Details are emerging of how the government of Quebec plans to allow companies to drill for shale gas in the province while it conducts a two-year environmental assessment of the growing industry.

In a statement Thursday by the province's environmental ministry, Quebec said it will enact two new shale gas regulations within 30 days.

The first law will require companies to obtain a certificate of authorization from Quebec for all drilling work used in the exploration or exploitation of oil or natural gas resources. But companies must first hold public hearings at their expense and are required to advertise the public hearings through local newspapers and on the Internet. The environment minister may also designate an observer or a moderator.

The second regulation will require companies to disclose to the environmental ministry the methods used to drill and complete wells, including a detailed list of the chemicals used in hydraulic fracturing and any geological information from drill sites. They will also have to disclose their plans for disposing of wastewater and what effects drilling would have on air and water quality.

Calgary-based Talisman Energy Inc. is the largest acreage holder in Quebec's portion of the Utica Shale with 756,000 net acres. Spokesman David Mann said Friday that he had not yet seen the details of Quebec's proposals but said it sounded like the province was adhering to the industry's generally accepted best practices.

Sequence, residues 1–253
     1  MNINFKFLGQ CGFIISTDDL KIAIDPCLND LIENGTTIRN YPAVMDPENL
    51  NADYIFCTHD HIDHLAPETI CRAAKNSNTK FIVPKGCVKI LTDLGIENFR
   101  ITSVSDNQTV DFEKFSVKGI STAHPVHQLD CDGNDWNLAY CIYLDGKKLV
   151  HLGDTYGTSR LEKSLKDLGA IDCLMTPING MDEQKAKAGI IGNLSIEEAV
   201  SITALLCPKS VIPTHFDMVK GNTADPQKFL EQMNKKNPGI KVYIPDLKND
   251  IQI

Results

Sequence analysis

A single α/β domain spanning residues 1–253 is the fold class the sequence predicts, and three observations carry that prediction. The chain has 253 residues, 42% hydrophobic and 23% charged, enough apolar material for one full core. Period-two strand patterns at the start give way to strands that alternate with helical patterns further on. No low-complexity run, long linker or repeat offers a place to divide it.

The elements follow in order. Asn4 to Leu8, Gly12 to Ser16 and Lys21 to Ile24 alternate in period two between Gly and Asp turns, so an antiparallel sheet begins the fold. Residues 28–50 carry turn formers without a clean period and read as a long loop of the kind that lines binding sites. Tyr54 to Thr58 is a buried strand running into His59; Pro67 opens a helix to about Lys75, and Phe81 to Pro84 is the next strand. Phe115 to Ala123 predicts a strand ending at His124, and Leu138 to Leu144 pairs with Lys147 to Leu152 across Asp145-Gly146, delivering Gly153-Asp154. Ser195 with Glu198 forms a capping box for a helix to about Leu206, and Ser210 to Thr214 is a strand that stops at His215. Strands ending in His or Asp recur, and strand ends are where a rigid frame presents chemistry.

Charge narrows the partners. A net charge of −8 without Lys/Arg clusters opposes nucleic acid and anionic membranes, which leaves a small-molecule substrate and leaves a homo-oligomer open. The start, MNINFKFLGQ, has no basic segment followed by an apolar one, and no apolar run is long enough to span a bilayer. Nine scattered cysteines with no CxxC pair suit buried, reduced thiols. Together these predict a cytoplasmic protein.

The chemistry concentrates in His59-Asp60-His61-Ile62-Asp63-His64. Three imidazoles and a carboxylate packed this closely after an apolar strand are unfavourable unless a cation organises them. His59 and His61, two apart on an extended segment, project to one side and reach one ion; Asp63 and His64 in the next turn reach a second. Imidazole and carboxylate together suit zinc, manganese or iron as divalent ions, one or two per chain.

"Conceptually, it sounds pretty good," Mann told NGI's Shale Daily. "A lot of this is fairly common practice to begin with. It may be nuanced slightly differently so that you have to do things with a different set of approvals or within a different time frame, but we've been doing that on an ongoing basis for several years now."

But Andre Belisle, president of the Association Quebecoise de Lutte contre la Pollution Atmospherique (AQLPA), said environmental groups are opposed to the province's plan and are continuing their calls for a complete moratorium on drilling.

"Very little of what the minister has announced will be supported by the environmental groups or the population," Belisle told NGI's Shale Daily on Friday. "It is very peculiar to announce that the companies will hold hearings with people and will report to the government [because] for emissions of all kinds they always very understated the reality. They don't have any confidence from the people anymore."

Belisle said Quebec should continue to gather information about shale gas and await a report by the U.S. Environmental Protection Agency, which should be completed by mid-2012 (see Shale Daily, Feb. 22).

"Meanwhile the companies have to find ways to solve the problems they have created," Belisle said, asserting that 14 wells in central Quebec are leaking methane into underground water supplies. "We would not accept any more drilling if they can't do the job properly."

The Quebec government announced March 8 that it would conduct its two-year study of shale gas at the suggestion of a report by the Bureau d'audiences publiques sur l'environnement (see Shale Daily, March 14; March 10).